07-22-2017, 07:55 AM   #3
OleJ
 
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Hi JMC. It was positive by culture. I send two blood samples to Otakaro Pathways in New Zealand in May, and got the result back in the end of June.
07-22-2017, 08:51 AM   #4
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Hi JMC. It was positive by culture. I send two blood samples to Otakaro Pathways in New Zealand in May, and got the result back in the end of June.
I look forward to that culture method being published and independently validated as we really need a good MAP test. At the moment, as with some other MAP tests, I think you need to be sceptical about the results. With little or no information in the public domain about how this works (and I am very familiar with John Aitken and his lab) it is hard to convince the medical profession of the value of this result.
07-22-2017, 04:22 PM   #5
OleJ
 
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Very true JMC. I did read that a lab in Sydney validated the technique, but you are right we need proper publication and possibly FDA approval before it can become a gold standard test. I have read that John and his lab is in the process of publicising.
Yes, for the above reasons you could argue that it is to early to take John Aitkens test and act on the result. On the other hand, I don't see any reason not to act on it?

Last edited by OleJ; 07-22-2017 at 04:43 PM.
07-22-2017, 04:56 PM   #6
JMC
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Yes, for the above reasons you could argue that it is to early to take John Aitkens test and act on the result. On the other hand, I don't see any reason not to act on it?
The only course of action to take at the moment, would be to try the triple antibiotic therapy which is being trialled as RHB104 or something similar including rifampzin and metronidazole. If you are treatment naive for biologic therapies or have failed with other treatments, I cannot think of any reason not to have a go with this.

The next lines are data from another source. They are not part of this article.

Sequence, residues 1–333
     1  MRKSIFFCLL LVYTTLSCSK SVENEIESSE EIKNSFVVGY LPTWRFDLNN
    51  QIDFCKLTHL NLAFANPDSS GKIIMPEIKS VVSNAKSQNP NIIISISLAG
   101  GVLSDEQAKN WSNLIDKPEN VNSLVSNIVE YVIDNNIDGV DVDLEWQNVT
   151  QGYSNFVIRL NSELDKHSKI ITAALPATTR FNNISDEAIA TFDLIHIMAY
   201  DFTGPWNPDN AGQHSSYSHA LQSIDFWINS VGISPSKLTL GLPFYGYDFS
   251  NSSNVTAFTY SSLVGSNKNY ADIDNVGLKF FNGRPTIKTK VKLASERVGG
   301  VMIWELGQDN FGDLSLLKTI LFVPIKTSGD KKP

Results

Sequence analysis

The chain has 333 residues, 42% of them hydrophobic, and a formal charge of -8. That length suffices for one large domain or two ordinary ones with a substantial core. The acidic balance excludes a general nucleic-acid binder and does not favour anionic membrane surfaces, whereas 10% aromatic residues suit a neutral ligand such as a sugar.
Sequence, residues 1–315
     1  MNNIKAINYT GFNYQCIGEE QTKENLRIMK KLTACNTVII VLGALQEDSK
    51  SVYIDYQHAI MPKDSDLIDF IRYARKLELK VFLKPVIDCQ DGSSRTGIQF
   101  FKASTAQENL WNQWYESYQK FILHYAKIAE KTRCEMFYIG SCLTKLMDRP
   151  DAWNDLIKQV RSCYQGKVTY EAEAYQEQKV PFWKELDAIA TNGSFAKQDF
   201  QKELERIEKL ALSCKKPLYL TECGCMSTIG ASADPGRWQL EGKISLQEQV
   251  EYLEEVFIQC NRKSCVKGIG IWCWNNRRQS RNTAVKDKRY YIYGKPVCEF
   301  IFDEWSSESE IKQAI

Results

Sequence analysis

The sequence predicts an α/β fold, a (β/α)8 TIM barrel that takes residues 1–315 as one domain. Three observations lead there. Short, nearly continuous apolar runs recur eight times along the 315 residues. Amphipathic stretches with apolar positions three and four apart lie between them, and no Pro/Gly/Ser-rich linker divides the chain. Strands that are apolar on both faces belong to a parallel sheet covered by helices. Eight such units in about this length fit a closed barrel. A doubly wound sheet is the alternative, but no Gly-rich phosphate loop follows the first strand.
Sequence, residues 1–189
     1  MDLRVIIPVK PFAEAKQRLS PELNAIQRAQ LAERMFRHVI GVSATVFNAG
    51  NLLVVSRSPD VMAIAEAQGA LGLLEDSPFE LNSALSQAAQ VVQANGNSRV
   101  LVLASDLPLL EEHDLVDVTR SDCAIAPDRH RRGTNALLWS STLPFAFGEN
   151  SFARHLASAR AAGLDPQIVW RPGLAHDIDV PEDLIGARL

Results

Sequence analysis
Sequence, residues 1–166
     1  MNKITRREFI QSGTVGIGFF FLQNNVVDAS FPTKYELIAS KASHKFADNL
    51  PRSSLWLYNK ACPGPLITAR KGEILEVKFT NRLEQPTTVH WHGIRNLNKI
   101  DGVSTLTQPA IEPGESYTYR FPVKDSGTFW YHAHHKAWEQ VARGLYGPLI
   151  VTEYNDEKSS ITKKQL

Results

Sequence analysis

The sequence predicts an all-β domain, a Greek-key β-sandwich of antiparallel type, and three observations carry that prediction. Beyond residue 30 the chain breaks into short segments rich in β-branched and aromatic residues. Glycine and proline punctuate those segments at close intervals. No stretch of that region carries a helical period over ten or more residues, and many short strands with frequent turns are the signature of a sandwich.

What I am in a little more concerned about, is people drawing definite conclusions or deriving a lot of hope from a test that has been much talked about for a number of years now, but still has not been published.
07-23-2017, 01:14 AM   #7
OleJ
 
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I agree that certainty should be reserved for research, diagnostics, and treatment regimens which have been verified by the relevant authorities.
Having said that, I do not see any problems in discussing and conveying information about research, diagnostics, and treatment regimens available, even though they have not yet been approved by the FDA. The more we know - the better decisions can we make.
For that reason I am very much interested in research that oppose the "MAP is a trigger of CD" hypothesis.